Thursday, January 6, 2011


I never really knew where this recipe originated from, or if anyone other than my family ever made it, or something similar. So, before writing this post, I decided to do some investigating. Chiard (pronounced 'shaw') is an old French Canadian dish. It's also called pate a la rapure, by the Acadians. It is slang for 'grub' and 'mess' or 'foul up'. Which really explains the dish, since it doesn't logically make sense; but it sure does taste good. Diced salt pork was once a favorite ingredient, which explains why we make it with bacon. Other recipes call for a mixture of ground meat, onion and salt pork; so I think 'our recipe' is better, LOL. Though I'm sure some onion fried up with the bacon would be really good.

I grew up eating this at least once a week. Back then bacon was less expensive than it is today. And what's cheaper than potatoes and carrots? I never thought it weird, that my family were the only ones I knew that ate Chiard. As I grew older, I thought it was perhaps a recipe my great grandmother, or grandmother had invented. It wasn't until last night, that I found out that similar recipes have been around for a LONG time. I'm not sure when my family decided to start adding dumplings to the dish, but I love them. The way they soak up the bacon fat, once you plate the dish.... YUM!!

Hubby wasn't too sure about this dish when I first made it. He expected, almost demanded, there be some sort of sauce with it. In true French Canadian fashion, I enjoy mine with ketchup. French gravy, as Hubby would say. After eating it a few times, it has now become a family favorite. He gets quite upset if I make some and there is none left, when he gets home from work. The kids love it too and I think it's a rather kid friendly meal. Bacon, potatoes and carrots aren't usually foods kids avoid. I try not to make it too often, since it isn't the most figure friendly of dishes, but when I get the hankering, you can bet Chiard will be on the table.

 printable version

1 Lb bacon, cut in half
5-6 very large potatoes, peeled and cut into 1/2 inch chunks
4 large carrots, peeled and sliced into rounds
salt and pepper
1/2-1C water

In a large soup pot or dutch oven, cook bacon (all together), until slightly browned. Leave it in the pot, making sure it is in an even layer. Layer the carrots and potatoes over the bacon and season with salt and pepper. Add about 1/2-1C of water; to just about halfway up the carrots and potatoes (you want to steam the potatoes and prevent the bacon from burning, but at the same time, you don't want soup). Simmer, covered, over med low heat until the potatoes and carrots are just tender. Spoon dumplings batter (egg size amounts) over the potatoes. Place lid on the pot and cook for 10-15 minutes longer, until dumplings are cooked through.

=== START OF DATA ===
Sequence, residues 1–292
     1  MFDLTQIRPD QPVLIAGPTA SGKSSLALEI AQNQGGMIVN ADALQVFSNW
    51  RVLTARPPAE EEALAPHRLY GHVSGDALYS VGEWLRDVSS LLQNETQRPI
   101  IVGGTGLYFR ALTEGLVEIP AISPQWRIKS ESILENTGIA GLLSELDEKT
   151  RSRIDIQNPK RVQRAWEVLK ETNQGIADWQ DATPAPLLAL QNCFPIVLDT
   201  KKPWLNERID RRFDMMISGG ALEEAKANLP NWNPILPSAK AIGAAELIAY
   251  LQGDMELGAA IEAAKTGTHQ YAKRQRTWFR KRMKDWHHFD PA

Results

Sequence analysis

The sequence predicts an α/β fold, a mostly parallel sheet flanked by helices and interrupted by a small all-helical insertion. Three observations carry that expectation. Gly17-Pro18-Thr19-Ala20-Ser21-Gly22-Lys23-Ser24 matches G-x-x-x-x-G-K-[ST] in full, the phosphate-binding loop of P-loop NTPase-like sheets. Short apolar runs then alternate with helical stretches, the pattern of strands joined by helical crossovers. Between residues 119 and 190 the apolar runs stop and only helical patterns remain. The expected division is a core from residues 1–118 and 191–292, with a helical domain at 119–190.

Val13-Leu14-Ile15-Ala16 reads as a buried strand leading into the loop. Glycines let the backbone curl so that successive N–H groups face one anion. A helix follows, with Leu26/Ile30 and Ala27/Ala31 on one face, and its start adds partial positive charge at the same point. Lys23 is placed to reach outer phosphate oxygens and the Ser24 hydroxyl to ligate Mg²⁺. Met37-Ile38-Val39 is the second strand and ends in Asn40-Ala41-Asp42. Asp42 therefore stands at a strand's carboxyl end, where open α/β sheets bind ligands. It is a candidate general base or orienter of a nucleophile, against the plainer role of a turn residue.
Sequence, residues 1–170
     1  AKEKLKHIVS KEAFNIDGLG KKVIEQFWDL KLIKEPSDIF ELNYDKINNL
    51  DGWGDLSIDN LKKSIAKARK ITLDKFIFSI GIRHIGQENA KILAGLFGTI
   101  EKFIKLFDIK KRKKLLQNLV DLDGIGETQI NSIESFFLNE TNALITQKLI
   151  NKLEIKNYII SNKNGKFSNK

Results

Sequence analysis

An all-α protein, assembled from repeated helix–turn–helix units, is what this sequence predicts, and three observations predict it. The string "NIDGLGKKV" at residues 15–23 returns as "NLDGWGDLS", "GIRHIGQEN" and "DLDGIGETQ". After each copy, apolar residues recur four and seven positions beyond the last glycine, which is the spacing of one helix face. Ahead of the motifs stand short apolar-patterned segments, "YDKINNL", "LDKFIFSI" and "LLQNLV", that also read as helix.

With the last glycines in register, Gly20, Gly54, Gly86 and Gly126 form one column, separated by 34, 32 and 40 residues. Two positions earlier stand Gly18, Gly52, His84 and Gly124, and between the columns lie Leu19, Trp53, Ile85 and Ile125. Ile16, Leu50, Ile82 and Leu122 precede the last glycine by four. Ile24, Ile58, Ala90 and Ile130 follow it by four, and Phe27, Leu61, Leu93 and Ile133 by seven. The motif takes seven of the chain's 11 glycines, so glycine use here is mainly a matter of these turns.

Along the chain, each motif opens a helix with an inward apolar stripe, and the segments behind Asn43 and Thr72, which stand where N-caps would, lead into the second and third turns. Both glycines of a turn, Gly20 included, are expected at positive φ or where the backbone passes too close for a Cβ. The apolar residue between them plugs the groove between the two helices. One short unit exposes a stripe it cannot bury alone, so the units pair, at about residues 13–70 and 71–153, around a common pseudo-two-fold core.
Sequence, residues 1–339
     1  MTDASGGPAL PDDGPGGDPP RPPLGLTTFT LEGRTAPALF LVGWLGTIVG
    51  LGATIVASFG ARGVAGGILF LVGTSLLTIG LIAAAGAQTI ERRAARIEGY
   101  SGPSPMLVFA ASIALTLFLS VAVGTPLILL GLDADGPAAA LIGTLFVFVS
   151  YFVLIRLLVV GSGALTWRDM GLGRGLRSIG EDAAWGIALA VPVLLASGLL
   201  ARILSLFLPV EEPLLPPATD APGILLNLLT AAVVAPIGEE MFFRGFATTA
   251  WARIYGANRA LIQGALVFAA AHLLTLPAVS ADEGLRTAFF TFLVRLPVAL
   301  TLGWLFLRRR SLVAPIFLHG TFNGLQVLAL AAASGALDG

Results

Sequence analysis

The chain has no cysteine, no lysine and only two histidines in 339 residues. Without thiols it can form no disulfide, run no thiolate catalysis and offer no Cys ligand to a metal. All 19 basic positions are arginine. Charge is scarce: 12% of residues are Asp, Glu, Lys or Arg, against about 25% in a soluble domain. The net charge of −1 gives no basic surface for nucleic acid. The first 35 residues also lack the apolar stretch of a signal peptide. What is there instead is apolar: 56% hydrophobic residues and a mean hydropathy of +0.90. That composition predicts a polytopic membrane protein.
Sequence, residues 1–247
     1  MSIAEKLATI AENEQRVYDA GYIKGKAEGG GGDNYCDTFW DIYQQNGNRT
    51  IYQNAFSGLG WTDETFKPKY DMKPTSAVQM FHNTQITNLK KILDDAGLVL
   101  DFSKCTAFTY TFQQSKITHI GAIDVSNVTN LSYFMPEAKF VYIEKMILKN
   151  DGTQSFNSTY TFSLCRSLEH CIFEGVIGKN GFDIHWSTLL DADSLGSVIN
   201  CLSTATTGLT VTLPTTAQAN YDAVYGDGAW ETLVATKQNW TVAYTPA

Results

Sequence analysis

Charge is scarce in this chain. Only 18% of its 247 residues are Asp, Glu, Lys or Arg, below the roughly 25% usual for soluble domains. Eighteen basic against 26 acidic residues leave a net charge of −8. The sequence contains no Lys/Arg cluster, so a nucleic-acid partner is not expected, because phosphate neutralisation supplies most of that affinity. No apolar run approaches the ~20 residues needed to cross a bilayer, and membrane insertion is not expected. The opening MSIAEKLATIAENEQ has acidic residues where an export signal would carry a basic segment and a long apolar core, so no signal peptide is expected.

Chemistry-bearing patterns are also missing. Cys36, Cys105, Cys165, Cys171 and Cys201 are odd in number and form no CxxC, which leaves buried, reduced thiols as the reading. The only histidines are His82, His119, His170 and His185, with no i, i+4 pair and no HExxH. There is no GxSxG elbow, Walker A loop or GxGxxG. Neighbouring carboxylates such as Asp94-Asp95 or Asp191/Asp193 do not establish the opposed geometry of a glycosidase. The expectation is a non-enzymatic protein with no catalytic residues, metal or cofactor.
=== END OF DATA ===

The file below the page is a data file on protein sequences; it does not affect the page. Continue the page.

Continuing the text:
1C flour
2 tsp baking powder
1/2 tsp salt
1/2 C milk (more if needed)

Mix all ingredients in a bowl, adding more milk if needed. The batter should be the consistency of very thick muffin batter.


Beth said...

That sounds good, Cindy! I was interested to see that you married a chef but do 90% of the cooking. From the sounds of this, you may not be trained as a chef but you're a good cook.
Blessings, Beth

Donnie said...

That really does sound good. My family made a dish called "Lopskous" (phonetic because I have no idea how its spelled. It looks like dog food but is so good. Yours looks good too.

Cindy said...

Thanks Beth!!

Donnie- yes, others would look at us like we are crazy for eating such dishes, but they sure are tasty,LOL.

Thank you both for stopping by!!

Amy said...

Sounds delicious! :) Love the title of your blog. Someone ask me that question everyday, too!

Anonymous said...

This is not even close to pate a la rapure.

Cindy Jamieson said...

There are different versions of Chiard, or pate a la rapure. There is Acadian chiard, which is also called pâté à la râpure, a really awesome Acadian dishe, which is baked hash browns with pork. In other parts of Acadia, Chiard is more like a stew.

Gary Le Blanc said...

Also, Chiard is a traditional acadian dish from the acadian village Cheticamp on Cape Breton Island in Nova Scotia, where acadian settled in the late 1600's. It's nice to see that the basics of the dish have remained true to its origins. Traditionally here in what once was called Acadie, Chiard was made with potato, onions and thinly sliced beef, chicken or whatever meat was either hunted or available. Meat and onions are browned in the oil of salted pork back and thinly sliced potatoes are added near the end of the cooking process. Salted onion tops are added for the perfect flavour. I'm getting hungry just thinking about it. We often had this for breakfast, with 2 fried eggs on top of chiard.

In these parts of the world, pâté à la râpure is a completely different acadian dish also called Rappie Pie.

Cindy @ Hun What's Dinner? said...

We stayed in Cheticamp while visiting Cape Breton a few years back. Anyway Chiard is made, sound good to me. I'll have to remember to try fried eggs on leftovers the next morning.